What Are You Reading? (3)

Posted by bob on December 8, 2020

Recently I finished reading a book by Tom Nichols titled The Death of Expertise. I discovered this book thanks to a blog post by Jack Ganssle:  http://www.ganssle.com/blog/blog/humility.html

Here is an Amazon link to the ebook version, but many other formats are available: (no affiliate code): https://www.amazon.com/Death-Expertise-Campaign-Established-Knowledge-ebook-dp-B01MYCDVHH/dp/B01MYCDVHH. I read the Kindle version.

This is not a light-hearted, feel-good read. It is downright frightening. You need to read this book with an open mind and spend some time looking in the mirror. We are all susceptible to believing our opinions are just as valuable as those from experts.

The process of learning facts and background knowledge, and even challenging assumptions are important to successful problem-solving. Arbitrarily dismissing the advice of experts is not helpful to solving hard problems. If you want to make extraordinary claims that are counter to expert advice, you will need to provide extraordinary proof.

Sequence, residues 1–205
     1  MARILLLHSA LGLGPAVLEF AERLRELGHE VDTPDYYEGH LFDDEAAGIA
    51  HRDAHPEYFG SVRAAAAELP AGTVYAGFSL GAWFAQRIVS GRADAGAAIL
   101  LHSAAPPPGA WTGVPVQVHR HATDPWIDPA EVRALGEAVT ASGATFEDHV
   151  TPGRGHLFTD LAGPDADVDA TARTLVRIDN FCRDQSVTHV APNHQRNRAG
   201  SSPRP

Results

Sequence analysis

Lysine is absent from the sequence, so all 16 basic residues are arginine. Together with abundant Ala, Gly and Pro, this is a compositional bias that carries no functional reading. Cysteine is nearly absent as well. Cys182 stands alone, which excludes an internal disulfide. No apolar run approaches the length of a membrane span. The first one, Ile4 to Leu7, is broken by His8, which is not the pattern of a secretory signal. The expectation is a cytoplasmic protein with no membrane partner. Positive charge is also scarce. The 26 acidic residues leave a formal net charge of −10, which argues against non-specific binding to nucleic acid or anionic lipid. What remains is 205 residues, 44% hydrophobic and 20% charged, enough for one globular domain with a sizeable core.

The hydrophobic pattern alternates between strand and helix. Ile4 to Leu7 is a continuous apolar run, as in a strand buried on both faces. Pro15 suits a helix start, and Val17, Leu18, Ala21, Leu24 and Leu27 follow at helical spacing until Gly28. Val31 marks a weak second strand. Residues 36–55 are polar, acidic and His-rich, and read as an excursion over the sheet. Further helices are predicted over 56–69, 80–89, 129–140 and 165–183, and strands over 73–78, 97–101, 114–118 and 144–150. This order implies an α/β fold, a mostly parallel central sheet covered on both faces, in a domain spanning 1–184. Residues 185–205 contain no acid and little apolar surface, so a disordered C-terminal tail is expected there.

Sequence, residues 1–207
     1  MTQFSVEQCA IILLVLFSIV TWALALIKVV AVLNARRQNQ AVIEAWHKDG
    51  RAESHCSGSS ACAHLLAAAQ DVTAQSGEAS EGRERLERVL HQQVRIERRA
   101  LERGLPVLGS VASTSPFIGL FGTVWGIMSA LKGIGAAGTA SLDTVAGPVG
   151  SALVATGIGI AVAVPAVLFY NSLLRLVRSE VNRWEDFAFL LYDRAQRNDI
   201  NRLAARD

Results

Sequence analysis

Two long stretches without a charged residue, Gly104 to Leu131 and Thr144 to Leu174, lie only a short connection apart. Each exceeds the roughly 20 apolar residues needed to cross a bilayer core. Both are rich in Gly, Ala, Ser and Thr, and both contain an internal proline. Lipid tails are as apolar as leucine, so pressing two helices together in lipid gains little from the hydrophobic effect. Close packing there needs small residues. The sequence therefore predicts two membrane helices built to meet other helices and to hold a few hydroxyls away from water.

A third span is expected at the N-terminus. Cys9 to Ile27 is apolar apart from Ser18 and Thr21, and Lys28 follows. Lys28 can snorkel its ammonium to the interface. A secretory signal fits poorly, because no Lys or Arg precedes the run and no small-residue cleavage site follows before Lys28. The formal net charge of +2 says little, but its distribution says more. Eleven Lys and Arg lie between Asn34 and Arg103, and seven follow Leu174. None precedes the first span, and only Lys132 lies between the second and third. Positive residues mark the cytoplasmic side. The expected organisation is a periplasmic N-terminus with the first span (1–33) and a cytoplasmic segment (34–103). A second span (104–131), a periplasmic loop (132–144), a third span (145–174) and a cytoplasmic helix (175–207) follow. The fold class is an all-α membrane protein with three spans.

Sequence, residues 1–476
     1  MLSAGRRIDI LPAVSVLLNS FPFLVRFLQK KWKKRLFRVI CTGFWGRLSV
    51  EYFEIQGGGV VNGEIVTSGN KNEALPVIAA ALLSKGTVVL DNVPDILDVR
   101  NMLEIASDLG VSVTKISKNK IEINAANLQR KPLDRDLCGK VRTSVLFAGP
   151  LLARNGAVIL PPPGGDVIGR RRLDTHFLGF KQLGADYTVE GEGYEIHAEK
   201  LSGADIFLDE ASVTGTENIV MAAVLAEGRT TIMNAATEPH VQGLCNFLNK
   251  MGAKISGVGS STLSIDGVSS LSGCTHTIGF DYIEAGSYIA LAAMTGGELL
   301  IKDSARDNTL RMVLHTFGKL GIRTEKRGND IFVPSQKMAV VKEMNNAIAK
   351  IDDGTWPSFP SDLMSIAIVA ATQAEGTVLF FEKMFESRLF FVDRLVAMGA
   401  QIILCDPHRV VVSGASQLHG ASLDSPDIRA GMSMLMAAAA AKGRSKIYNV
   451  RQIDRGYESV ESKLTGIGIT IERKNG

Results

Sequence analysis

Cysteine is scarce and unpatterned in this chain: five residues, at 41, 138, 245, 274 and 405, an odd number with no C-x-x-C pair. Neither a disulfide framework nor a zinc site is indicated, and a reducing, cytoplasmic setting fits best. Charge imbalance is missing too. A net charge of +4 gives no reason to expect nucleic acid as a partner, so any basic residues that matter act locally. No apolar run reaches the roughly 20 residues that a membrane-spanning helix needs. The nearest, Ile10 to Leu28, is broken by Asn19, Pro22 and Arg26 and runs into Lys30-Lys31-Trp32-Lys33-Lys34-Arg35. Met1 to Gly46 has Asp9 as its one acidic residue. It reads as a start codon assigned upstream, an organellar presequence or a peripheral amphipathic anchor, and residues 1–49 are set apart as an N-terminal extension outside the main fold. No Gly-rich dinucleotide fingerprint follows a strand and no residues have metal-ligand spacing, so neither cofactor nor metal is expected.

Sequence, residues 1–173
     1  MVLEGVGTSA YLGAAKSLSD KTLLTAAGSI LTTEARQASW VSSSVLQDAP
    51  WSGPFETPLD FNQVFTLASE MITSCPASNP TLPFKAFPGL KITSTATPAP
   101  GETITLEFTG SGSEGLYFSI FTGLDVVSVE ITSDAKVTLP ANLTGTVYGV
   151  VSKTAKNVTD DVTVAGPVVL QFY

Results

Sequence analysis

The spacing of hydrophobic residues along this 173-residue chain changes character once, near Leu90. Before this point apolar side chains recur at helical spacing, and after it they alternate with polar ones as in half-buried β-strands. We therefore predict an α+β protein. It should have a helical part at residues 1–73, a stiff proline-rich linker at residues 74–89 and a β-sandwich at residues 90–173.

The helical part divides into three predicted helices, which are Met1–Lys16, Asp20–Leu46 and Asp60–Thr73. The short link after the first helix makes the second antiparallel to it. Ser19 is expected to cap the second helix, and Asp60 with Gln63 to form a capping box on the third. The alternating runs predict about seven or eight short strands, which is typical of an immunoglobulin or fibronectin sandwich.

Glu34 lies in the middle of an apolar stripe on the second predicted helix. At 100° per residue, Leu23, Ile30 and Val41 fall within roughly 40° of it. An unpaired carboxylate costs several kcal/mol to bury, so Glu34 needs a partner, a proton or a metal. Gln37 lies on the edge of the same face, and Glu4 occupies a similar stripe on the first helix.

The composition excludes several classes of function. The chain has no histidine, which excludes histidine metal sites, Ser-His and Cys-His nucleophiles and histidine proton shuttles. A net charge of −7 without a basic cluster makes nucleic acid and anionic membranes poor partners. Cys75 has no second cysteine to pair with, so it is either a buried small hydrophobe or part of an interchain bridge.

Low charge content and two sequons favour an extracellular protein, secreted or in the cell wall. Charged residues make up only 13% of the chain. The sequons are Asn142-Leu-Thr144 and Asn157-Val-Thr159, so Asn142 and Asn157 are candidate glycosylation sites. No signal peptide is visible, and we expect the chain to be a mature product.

One point that Nichols makes is that experts do make mistakes and can be wrong. But generally, experts are consistently correct about their subject area more often. Experts definitely get it right more often than non-experts.

I would like to think that as highly trained engineers, you and I are less likely to dismiss expert advice. But I would probably be horrified at how small that “less likely” value turns out to be.

(Without belaboring the point, you should also have enough wisdom to occasionally question expert advice, and you should understand how to find and test the assumptions underpinning that advice.)

Nichols dives deeply into the subject of confirmation bias. Confirmation bias is our human tendency to believe data, statements, or opinions that support ideas that we already were inclined to believe. Like my discussion of Fear, confirmation bias can be viewed as a survival mechanism. It takes a lot of training and effort to avoid falling into the trap of confirmation bias.

Books such as The Death of Expertise challenge us to become better, smarter, and maybe a little more careful. Those are admirable goals. I believe those goals are very much in line with viewing engineering as applied science.

Yes, You are a Genius, but please read that entire linked post to understand my meaning.